EL CENTRO — The Imperial County Board of Supervisors today will be presented with a recommended 2020-21 fiscal budget that is close to $36 million more than last year’s.
According to the final budget summary, the general fund would increase from almost $213 million to close to $227 million.
Other funding would increase from $292.2 million to $313.9 million for a recommended total of $540.7 million.
One of the reasons for the increase is because of the coronavirus impacts, as public assistance would increase from $170.7 million to $187.4 million.
That staffing for the county, under the recommended budget, would increase by 22 employees to 2,402, with 1,267 of those position being paid from the general fund.
The proposed general fund overall increase is primarily due to negotiated labor agreements of employee salaries and benefits and increased contributions to the county’s loss reserves.
The recommended budget also reflects increases to the Department of Social Services’ Categorical Aid Program.
Funding sources for the general fund would total $204.1 million, with 47 percent coming from intergovernmental revenue, 20 percent from federal revenue, 19 percent from taxes, 9 percent from charges for services and the rest from various other sources.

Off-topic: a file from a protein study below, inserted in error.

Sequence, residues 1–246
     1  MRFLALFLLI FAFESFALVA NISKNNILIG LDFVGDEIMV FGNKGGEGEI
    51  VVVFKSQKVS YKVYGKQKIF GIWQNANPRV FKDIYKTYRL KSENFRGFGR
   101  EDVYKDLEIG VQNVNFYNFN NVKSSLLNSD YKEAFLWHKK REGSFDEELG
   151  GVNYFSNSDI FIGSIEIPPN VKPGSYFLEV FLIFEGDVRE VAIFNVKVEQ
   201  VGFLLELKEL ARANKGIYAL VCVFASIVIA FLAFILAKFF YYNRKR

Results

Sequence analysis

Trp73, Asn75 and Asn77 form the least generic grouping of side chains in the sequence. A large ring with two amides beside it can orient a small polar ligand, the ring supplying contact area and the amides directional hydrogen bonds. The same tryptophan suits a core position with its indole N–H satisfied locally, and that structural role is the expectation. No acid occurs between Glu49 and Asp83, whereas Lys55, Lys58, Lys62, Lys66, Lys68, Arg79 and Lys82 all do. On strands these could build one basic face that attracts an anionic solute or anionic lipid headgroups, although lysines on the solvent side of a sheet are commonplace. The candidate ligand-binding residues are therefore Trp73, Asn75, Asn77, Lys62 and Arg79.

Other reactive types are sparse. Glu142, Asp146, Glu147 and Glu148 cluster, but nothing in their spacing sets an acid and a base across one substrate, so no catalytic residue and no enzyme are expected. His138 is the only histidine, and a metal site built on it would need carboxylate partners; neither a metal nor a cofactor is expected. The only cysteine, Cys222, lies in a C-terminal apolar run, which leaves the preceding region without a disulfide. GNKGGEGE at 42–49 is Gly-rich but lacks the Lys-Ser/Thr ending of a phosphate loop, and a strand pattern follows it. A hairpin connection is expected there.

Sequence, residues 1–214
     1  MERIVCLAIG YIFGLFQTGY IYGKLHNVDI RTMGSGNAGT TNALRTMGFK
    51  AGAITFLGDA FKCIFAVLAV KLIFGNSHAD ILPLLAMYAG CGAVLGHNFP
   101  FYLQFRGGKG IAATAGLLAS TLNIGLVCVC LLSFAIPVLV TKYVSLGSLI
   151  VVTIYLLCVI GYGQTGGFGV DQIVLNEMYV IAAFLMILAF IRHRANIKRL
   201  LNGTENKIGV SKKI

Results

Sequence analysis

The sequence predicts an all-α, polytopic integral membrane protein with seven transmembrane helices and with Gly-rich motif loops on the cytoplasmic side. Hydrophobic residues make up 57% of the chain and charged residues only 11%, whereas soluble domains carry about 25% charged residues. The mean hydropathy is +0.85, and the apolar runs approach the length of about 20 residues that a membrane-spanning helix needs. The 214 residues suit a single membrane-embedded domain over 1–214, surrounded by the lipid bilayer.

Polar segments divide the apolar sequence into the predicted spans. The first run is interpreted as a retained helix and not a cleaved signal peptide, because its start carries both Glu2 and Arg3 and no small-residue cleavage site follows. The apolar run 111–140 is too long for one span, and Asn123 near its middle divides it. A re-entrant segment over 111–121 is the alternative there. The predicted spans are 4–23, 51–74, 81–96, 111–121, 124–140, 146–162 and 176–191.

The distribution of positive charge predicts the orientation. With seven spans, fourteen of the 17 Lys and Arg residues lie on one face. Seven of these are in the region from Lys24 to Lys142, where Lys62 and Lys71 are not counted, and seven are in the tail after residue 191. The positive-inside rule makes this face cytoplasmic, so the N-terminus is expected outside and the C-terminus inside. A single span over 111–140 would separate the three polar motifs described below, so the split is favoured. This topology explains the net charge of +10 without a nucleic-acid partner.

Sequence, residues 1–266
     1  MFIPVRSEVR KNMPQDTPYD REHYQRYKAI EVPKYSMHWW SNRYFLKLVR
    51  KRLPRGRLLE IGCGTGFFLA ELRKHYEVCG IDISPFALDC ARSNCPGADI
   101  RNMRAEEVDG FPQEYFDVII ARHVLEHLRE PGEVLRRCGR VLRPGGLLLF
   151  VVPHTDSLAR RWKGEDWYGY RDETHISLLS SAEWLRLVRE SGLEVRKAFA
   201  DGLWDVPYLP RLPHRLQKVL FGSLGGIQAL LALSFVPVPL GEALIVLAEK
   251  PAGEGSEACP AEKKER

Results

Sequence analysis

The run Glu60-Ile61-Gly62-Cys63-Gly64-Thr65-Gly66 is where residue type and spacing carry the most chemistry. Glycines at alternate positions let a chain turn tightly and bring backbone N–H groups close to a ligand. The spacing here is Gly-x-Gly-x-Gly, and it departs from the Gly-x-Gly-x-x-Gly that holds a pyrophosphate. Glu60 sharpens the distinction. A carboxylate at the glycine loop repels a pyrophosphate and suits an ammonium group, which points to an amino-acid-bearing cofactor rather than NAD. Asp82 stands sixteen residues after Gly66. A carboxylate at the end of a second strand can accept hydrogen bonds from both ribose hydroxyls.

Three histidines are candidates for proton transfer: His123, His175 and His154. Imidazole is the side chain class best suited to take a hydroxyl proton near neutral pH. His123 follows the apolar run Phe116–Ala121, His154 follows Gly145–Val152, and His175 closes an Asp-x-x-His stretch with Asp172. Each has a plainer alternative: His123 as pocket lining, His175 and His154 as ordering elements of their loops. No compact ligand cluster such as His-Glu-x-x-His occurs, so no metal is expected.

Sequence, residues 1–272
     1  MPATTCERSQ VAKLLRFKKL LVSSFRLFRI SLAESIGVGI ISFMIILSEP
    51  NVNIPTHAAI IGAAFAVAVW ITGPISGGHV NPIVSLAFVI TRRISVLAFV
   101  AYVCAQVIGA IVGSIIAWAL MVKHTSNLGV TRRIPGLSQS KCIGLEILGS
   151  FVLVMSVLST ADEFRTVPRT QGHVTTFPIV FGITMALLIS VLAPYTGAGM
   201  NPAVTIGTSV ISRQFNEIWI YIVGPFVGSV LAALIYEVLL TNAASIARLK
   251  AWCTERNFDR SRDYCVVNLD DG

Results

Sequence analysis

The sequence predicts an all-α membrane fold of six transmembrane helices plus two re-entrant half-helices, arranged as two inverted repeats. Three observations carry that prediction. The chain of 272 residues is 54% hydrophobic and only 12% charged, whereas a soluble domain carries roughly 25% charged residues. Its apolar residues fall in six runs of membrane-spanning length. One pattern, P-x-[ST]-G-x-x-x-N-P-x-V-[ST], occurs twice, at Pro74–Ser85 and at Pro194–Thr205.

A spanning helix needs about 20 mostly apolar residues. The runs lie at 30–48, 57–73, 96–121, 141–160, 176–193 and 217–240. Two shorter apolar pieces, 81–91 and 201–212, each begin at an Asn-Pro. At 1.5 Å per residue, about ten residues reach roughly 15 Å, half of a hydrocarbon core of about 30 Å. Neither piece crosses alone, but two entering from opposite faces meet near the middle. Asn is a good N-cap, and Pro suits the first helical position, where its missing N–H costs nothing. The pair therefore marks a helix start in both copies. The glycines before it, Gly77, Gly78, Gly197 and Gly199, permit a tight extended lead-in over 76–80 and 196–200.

The county has addressed a $16.64 million shortfall in the general fund through transfers and freezing vacant positions saving about $9 million. Another $3.77 million would be saved through the medical plan loss reserve reimbursements to departments.
Looking ahead, the county will re-evaluate the services it offers, end certain non-mandated services and consolidate services to reduce redundant jobs.
The county will also try to digitize and modernize county services and evaluate vendor contracts and renegotiate.
In a recent presentation to supervisors, county CEO Tony Rouhotas Jr. said even with the budget shortfall due to COVID-19, staff was able to come up with a balanced budget without disrupting current services and programs.
However, he said the ability to continue all services at the current level cannot be sustained indefinitely.
“As we start the new fiscal year we need to work together to evaluate our services and programs and reprioritize,” Rouhotas said. “We look forward to meeting these challenges in partnership with this board, county staff and the community we serve.”
The county’s final adopted budget for fiscal year 2020-21 must be submitted to the State Controller’s Office by Dec. 1.